ERIC Number: ED371495
Record Type: RIE
Publication Date: 1994-Apr
The Relationship between Attention-Deficit Hyperactivity Disorder and Creativity.
This study examined the incidence of creativity among individuals with attention deficit hyperactivity disorder (ADHD) and the incidence of ADHD among individuals who are highly creative. The ADHD group consisted of 34 students, aged 6 to 15. The highly creative group consisted of 76 participants, ages 13 to 15, from the Torrance Creative Scholars Program in Louisiana. The ADHD group performed close to the test means on the Torrance Test of Creative Thinking-Figural Form A, on all components except elaboration. On elaboration, which is a measure of a style of creative response that gives attention to detail and perfects ideas rather than producing large numbers of ideas, the ADHD group scored more than one standard deviation above the test mean. Thirty-two percent of the ADHD group scored high enough on the Torrance Test to have qualified for the Creative Scholars program. The highly creative group completed the Swanson, Nolan, and Pelham Checklist (SNAP), indicating that 20 (26 percent) met the criteria for ADHD, attention deficit disorder with hyperactivity, or attention deficit disorder without hyperactivity, though SNAPs completed by their teachers reflected no elevated levels of hyperactivity, inattention, or impulsivity. The study concludes that a creative child could receive an unwarranted diagnosis of ADHD, and once a diagnosis is made, it is likely that behavior will be seen through that filter and so attributed. (Contains 33 references.) (JDD)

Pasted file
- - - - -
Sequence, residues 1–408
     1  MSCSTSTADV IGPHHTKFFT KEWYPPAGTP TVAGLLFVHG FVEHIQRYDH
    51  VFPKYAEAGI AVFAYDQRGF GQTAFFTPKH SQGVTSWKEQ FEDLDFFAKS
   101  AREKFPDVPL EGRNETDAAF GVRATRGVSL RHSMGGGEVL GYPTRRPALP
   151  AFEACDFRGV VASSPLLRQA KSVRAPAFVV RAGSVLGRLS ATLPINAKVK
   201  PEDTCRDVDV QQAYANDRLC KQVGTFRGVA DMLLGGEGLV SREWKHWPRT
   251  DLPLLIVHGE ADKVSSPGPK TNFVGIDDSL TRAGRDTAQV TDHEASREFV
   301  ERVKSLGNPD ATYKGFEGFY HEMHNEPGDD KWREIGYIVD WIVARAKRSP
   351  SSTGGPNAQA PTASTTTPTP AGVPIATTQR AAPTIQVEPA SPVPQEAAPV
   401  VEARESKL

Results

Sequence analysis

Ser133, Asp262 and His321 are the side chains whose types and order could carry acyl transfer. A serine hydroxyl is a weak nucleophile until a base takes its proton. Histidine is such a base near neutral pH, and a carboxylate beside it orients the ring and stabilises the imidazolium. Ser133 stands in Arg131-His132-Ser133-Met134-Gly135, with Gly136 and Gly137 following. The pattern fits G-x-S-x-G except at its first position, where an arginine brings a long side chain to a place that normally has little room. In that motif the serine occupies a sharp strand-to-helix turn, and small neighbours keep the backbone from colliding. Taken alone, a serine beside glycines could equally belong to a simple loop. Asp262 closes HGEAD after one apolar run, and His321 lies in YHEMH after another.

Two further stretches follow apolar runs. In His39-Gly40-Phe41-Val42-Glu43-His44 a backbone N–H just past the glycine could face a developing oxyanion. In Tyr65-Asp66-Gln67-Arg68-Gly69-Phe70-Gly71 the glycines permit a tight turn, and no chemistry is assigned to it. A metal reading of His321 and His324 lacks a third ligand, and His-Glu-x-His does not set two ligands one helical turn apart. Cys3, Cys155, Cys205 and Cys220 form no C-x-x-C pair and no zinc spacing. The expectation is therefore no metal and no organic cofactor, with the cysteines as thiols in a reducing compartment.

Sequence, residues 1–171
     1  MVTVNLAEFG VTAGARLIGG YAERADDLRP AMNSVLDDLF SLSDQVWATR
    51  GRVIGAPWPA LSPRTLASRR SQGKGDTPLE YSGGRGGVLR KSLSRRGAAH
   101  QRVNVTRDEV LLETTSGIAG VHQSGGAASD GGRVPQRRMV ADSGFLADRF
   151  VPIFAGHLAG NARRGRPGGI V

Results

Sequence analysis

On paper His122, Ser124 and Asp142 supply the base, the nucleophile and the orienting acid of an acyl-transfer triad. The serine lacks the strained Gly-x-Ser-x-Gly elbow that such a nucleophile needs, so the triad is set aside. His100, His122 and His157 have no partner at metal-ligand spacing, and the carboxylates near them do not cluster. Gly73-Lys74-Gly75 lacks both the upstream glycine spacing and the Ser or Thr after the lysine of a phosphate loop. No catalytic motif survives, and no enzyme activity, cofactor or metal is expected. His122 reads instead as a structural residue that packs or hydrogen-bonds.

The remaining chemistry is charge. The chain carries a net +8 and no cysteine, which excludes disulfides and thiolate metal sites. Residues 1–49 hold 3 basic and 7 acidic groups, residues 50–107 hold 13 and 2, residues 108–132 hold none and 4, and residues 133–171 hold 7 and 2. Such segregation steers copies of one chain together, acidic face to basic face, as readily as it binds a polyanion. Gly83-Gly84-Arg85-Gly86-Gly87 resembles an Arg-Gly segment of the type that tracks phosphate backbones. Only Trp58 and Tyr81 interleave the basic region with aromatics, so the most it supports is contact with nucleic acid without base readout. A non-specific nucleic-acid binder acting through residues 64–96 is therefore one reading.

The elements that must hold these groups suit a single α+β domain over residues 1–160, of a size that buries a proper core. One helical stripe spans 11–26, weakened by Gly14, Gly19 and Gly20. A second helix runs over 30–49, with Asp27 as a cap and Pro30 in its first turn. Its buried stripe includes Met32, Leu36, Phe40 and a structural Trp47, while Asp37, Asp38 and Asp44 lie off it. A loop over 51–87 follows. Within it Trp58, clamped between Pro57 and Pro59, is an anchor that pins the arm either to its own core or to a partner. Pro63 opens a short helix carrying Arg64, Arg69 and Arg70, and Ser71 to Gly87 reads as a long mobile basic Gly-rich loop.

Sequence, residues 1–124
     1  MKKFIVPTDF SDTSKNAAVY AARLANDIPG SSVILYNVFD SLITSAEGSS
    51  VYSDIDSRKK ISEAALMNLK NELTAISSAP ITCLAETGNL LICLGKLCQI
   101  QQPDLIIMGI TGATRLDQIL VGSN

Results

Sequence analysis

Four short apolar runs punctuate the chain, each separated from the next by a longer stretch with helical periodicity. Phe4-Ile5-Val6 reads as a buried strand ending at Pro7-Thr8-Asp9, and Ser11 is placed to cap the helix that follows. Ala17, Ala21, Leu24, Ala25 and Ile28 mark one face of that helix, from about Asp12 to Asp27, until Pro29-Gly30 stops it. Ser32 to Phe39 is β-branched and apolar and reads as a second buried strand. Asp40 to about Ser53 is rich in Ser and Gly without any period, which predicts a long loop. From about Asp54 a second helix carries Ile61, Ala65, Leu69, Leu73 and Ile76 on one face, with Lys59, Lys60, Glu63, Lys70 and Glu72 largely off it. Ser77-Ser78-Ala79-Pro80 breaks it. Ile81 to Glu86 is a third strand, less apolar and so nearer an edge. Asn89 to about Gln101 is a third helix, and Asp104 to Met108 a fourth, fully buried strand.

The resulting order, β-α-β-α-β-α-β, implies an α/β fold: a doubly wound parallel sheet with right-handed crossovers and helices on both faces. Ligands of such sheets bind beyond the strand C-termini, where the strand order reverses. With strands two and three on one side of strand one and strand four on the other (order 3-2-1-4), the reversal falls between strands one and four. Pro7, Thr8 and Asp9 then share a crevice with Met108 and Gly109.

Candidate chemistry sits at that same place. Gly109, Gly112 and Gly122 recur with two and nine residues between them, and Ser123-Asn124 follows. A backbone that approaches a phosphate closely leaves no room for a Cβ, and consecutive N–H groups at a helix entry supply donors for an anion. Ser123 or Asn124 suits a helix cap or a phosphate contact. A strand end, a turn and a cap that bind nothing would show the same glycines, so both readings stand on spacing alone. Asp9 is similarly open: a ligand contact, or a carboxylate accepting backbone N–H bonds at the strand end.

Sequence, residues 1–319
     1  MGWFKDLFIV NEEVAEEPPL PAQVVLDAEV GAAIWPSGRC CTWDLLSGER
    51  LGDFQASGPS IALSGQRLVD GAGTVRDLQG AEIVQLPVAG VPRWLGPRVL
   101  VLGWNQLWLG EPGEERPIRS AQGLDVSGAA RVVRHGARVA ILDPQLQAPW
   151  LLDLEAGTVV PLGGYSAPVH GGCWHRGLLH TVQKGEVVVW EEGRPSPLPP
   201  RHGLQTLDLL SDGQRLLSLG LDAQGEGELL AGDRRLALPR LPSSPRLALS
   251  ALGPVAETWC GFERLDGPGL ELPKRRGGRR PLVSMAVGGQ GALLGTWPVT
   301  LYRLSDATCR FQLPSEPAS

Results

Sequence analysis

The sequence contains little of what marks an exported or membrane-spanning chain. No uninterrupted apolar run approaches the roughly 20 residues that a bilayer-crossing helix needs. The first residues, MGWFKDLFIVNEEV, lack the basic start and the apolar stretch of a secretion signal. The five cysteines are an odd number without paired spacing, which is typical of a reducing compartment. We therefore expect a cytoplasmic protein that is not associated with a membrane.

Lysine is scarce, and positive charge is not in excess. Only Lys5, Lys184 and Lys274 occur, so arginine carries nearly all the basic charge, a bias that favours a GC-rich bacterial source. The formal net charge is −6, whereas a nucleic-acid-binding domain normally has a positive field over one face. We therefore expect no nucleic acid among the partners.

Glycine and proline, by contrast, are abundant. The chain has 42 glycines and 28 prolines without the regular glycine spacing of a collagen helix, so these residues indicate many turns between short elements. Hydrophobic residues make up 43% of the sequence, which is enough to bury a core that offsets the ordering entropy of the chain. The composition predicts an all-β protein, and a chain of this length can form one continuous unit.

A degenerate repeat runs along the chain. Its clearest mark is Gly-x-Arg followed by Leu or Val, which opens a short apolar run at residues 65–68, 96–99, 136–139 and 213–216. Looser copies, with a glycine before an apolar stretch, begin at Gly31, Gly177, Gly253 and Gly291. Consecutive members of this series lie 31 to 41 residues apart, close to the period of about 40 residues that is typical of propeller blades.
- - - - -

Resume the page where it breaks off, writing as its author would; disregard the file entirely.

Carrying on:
Publication Type: Speeches/Meeting Papers; Reports - Research
Education Level: N/A
Authoring Institution: N/A
Note: Paper presented at the Annual Meeting of the American Educational Research Association (New Orleans, LA, April 4-8, 1994).